"At high pressure, the iron takes a more elongate, platelet-like form," she said. That means the iron would spread out on the surface of the silicate minerals, connecting to form channels instead of remaining in isolated spheres.

"So it looks like you could get some percolation of iron at high pressure," Mao said. "If iron could do that, that would tell you something really significant about the thermal history of the Earth."

But she cautioned that she only has data from the initial experiments.

"We have some interesting results, but it is the kind of measurement that you need to repeat a couple times to make sure," Mao said.

Louis Bergeron | EurekAlert!
Further information:
http://www.stanford.edu

More articles from Materials Sciences:

nachricht Strange but true: Turning a material upside down can sometimes make it softer
20.10.2017 | Universitat Autonoma de Barcelona

nachricht Metallic nanoparticles will help to determine the percentage of volatile compounds
20.10.2017 | Lomonosov Moscow State University

All articles from Materials Sciences >>>

The most recent press releases about innovation >>>

Die letzten 5 Focus-News des innovations-reports im Überblick:

Im Focus: Neutron star merger directly observed for the first time

University of Maryland researchers contribute to historic detection of gravitational waves and light created by event

On August 17, 2017, at 12:41:04 UTC, scientists made the first direct observation of a merger between two neutron stars--the dense, collapsed cores that remain...

Im Focus: Breaking: the first light from two neutron stars merging

Seven new papers describe the first-ever detection of light from a gravitational wave source. The event, caused by two neutron stars colliding and merging together, was dubbed GW170817 because it sent ripples through space-time that reached Earth on 2017 August 17. Around the world, hundreds of excited astronomers mobilized quickly and were able to observe the event using numerous telescopes, providing a wealth of new data.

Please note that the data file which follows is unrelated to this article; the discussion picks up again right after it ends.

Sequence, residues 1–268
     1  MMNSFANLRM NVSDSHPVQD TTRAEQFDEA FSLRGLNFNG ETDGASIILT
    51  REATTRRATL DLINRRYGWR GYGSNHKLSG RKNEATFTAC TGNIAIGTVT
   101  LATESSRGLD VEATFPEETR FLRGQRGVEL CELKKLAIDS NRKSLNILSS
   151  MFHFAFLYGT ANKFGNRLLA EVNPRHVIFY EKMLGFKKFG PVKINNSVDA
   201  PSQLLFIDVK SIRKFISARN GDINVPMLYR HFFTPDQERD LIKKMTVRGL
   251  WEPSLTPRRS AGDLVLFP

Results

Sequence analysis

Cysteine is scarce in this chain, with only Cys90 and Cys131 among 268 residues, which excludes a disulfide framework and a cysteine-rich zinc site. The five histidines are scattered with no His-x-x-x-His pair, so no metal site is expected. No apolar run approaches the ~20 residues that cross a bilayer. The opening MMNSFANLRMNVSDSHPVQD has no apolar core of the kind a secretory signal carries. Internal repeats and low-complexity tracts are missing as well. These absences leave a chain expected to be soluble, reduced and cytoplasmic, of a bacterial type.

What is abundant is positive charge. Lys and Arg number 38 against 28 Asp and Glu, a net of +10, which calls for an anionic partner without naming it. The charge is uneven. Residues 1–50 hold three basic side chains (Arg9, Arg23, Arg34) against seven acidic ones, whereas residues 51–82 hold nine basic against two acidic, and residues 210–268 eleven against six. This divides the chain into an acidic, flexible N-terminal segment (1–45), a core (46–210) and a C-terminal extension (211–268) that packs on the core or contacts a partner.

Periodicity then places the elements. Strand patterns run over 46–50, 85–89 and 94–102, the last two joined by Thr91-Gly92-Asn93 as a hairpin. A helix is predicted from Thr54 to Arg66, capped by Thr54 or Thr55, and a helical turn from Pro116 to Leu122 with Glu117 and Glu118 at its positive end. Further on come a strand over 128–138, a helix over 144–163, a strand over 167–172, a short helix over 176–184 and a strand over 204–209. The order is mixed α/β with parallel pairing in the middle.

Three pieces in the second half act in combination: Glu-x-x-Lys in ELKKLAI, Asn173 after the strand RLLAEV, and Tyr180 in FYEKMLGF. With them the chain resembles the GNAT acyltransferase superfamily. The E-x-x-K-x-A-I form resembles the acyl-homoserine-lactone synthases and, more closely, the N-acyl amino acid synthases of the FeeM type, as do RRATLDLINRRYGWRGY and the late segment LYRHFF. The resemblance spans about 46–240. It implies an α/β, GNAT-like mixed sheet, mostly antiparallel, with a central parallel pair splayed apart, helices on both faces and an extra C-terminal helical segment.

Previous detections of gravitational waves have all involved the merger of two black holes, a feat that won the 2017 Nobel Prize in Physics earlier this month....

Im Focus: Smart sensors for efficient processes

Material defects in end products can quickly result in failures in many areas of industry, and have a massive impact on the safe use of their products. This is why, in the field of quality assurance, intelligent, nondestructive sensor systems play a key role. They allow testing components and parts in a rapid and cost-efficient manner without destroying the actual product or changing its surface. Experts from the Fraunhofer IZFP in Saarbrücken will be presenting two exhibits at the Blechexpo in Stuttgart from 7–10 November 2017 that allow fast, reliable, and automated characterization of materials and detection of defects (Hall 5, Booth 5306).

When quality testing uses time-consuming destructive test methods, it can result in enormous costs due to damaging or destroying the products. And given that...

Im Focus: Cold molecules on collision course

Using a new cooling technique MPQ scientists succeed at observing collisions in a dense beam of cold and slow dipolar molecules.

How do chemical reactions proceed at extremely low temperatures? The answer requires the investigation of molecular samples that are cold, dense, and slow at...

Im Focus: Shrinking the proton again!

Scientists from the Max Planck Institute of Quantum Optics, using high precision laser spectroscopy of atomic hydrogen, confirm the surprisingly small value of the proton radius determined from muonic hydrogen.

It was one of the breakthroughs of the year 2010: Laser spectroscopy of muonic hydrogen resulted in a value for the proton charge radius that was significantly...

All Focus news of the innovation-report >>>

Anzeige

Anzeige

Event News

ASEAN Member States discuss the future role of renewable energy

17.10.2017 | Event News

World Health Summit 2017: International experts set the course for the future of Global Health

10.10.2017 | Event News

Climate Engineering Conference 2017 Opens in Berlin

10.10.2017 | Event News

 
Latest News

Terahertz spectroscopy goes nano

20.10.2017 | Information Technology

Strange but true: Turning a material upside down can sometimes make it softer

20.10.2017 | Materials Sciences

NRL clarifies valley polarization for electronic and optoelectronic technologies

20.10.2017 | Interdisciplinary Research

VideoLinks
B2B-VideoLinks
More VideoLinks >>>